Replicating the successes of the Commonwealth Blue Charter, the Living Lands Charter recognises that the vulnerabilities of our ecosystems to land degradation, biodiversity loss and climate change are closely interrelated and need to be considered collectively.
Heads recognised the need of taking a principled approach to the Living Lands Charter and active cooperation with a range of partners to share knowledge, expertise, success stories, and good practices in sustainable land management, while incentivising investment flows and technological innovation.
The Commonwealth Secretariat will be working, together with the relevant UN agencies linked to the three Rio Conventions, including the United Nations Convention on Biological Diversity (UNCBD); the United Nations Convention to Combat Desertification (UNCCD), and the United Nations Framework Convention on Climate Change (UNFCCC), to ensure that member countries deliver on this commitment.
All Commonwealth member countries have agreed to voluntarily dedicate a ‘Living Land’ in their territory to future generations, in line with the Strategy set for the UN Decade on Ecosystem Restoration.
“I believe the Living Lands Charter can be a game changer,” the Secretary-General said, adding that “For the Living Lands agenda to truly thrive, we need you: to crunch the data; to generate new ideas; to work with us; to support us; to challenge us; to enrich us with your knowledge. And, in doing so, to make the world safer.”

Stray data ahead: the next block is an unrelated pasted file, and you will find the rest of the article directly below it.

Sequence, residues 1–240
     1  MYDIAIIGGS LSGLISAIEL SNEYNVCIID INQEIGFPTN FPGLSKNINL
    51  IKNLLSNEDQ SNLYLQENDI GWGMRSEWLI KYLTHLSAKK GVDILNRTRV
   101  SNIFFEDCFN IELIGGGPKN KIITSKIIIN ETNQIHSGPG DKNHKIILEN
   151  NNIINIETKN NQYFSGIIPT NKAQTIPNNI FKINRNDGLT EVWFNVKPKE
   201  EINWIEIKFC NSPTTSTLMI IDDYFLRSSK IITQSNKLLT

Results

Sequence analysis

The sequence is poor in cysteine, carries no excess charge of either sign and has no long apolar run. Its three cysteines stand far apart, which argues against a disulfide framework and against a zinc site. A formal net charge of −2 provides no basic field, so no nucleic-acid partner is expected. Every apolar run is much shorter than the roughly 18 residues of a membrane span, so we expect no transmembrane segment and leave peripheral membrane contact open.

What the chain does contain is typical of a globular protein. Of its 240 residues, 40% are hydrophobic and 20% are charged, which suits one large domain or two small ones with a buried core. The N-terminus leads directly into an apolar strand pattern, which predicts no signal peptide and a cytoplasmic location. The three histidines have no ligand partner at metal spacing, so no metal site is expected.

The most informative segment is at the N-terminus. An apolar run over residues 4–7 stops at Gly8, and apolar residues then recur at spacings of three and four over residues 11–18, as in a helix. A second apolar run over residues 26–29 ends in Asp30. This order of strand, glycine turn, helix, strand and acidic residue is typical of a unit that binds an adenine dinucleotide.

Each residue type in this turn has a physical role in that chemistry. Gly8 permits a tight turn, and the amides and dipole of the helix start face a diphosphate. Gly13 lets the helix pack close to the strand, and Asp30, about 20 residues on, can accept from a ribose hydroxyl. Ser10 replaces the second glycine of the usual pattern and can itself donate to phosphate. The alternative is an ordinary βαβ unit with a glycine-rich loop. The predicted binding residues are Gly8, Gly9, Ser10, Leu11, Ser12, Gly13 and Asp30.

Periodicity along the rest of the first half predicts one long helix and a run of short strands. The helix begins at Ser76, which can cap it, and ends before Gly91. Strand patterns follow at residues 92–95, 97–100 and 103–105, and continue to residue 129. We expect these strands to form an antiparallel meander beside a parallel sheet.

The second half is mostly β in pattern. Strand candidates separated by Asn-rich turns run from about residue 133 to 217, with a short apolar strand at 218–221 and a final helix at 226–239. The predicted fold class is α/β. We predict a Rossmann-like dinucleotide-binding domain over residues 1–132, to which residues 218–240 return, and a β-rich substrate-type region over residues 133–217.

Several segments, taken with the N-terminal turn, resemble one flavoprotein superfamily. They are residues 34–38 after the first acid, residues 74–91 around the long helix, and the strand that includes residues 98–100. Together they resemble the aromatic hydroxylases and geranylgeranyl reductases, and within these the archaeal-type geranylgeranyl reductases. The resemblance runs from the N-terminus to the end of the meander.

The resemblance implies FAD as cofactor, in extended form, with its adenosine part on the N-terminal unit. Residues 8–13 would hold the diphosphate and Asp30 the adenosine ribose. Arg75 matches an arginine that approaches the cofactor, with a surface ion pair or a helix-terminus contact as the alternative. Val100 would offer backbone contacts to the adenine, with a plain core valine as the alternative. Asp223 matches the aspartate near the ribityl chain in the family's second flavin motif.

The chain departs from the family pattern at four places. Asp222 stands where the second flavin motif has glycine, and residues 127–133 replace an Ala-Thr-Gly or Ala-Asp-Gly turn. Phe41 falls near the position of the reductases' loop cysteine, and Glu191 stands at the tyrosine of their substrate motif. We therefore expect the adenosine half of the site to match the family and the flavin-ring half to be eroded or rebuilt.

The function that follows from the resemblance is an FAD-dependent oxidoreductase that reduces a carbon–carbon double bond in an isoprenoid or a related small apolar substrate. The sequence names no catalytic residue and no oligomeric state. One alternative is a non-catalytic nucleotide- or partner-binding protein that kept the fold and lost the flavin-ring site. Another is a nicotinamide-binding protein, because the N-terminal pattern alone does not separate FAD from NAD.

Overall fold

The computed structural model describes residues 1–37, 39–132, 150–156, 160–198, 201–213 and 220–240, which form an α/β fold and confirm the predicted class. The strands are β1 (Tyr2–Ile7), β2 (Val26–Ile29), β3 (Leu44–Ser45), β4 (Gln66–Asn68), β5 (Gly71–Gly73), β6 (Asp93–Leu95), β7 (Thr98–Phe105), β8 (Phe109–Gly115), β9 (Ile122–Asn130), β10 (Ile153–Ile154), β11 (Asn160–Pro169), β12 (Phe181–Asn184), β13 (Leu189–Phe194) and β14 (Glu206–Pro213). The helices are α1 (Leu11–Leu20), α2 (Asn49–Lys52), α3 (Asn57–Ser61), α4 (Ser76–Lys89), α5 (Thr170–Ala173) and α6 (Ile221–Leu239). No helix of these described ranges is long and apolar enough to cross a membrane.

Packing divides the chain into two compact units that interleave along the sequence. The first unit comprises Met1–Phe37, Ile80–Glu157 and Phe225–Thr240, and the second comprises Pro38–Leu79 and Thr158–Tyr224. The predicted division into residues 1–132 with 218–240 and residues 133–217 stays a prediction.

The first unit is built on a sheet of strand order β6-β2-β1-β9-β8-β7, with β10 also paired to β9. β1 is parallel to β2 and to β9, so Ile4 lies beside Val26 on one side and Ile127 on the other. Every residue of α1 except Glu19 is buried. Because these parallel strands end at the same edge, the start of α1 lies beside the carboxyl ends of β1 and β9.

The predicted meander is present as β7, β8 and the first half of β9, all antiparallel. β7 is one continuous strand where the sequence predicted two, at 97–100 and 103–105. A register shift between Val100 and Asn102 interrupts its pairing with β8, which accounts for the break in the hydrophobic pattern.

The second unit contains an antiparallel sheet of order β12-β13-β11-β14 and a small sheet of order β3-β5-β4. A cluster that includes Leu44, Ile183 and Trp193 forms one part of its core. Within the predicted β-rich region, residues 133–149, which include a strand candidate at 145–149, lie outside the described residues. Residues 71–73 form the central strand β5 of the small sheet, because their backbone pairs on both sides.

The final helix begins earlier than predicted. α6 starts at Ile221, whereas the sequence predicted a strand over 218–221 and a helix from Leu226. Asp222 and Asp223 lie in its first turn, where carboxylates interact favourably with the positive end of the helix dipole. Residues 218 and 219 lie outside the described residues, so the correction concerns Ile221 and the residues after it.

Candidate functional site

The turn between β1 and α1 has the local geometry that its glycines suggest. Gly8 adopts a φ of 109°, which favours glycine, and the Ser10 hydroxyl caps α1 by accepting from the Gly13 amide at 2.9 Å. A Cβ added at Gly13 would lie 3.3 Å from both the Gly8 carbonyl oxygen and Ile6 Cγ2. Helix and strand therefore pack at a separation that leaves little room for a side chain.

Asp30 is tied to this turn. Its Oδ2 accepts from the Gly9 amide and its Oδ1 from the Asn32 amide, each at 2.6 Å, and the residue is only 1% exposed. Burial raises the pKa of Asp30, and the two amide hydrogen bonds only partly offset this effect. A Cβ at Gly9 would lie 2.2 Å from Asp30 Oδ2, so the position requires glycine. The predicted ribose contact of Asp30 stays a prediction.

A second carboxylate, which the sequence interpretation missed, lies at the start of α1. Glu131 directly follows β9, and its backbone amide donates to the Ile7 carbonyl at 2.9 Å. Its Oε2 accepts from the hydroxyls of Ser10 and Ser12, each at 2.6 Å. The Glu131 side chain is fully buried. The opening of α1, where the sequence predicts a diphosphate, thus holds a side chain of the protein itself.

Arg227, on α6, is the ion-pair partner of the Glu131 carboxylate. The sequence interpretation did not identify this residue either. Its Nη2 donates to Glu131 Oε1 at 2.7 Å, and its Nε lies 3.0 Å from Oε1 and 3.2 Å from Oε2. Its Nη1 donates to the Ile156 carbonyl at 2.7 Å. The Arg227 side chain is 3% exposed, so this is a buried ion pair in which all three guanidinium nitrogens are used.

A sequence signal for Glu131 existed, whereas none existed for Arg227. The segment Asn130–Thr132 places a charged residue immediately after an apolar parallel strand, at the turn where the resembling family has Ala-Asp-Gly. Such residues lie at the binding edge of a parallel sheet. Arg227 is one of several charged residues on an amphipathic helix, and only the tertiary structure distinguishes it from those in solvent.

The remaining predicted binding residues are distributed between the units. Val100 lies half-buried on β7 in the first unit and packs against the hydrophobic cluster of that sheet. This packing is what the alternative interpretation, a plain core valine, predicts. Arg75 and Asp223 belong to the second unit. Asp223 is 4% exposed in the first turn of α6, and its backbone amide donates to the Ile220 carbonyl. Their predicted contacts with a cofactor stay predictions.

The Secretary-General also applauded the Association of Commonwealth Universities (ACU) programmes like LEAP 4 Food and Nutrition Security and Sustainable Agriculture (LEAP 4 FNSSA) and welcomed their proposal for a Living Lands Charter Fellowship scheme which will strengthen the conduits between policymakers and experts.
The Secretary-General’s speech set the tone for the rest of the speakers who urged for more cross-sector collaboration and greater investment in innovation and research to deliver sustainable food solutions.
Professor Frans Swanepoel from the University of Pretoria highlighted the work of LEAP 4 FNSSA and said closer partnerships and stronger advocacy for developing partners are critically important to address the current food crisis.
Urooj Ashraf, a Pakistani first-year PhD scholar at the University of Cardiff said highlighted challenges in food security in Pakistan and how governments and policymakers must do more to harness the power and expertise of higher education to solve the food crisis.
Other panellists were Dr Joanna Newman, Chief Executive and Secretary General of the Association of Commonwealth Universities; Abhik Sen, Head of Innovation and Partnerships at the Commonwealth Secretariat; and Sarah Chidgey, Head of International Education at the UK’s Department for International Trade.
The event, which was organised by the UK Government in collaboration with the Association of Commonwealth Universities, was held under the theme, International Collaboration for Global Challenges - Translating University Expertise Into Action.
- Angela Kolongo Communications Officer, Communications Division, Commonwealth Secretariat
- T: +44 7587 881503 | E-mail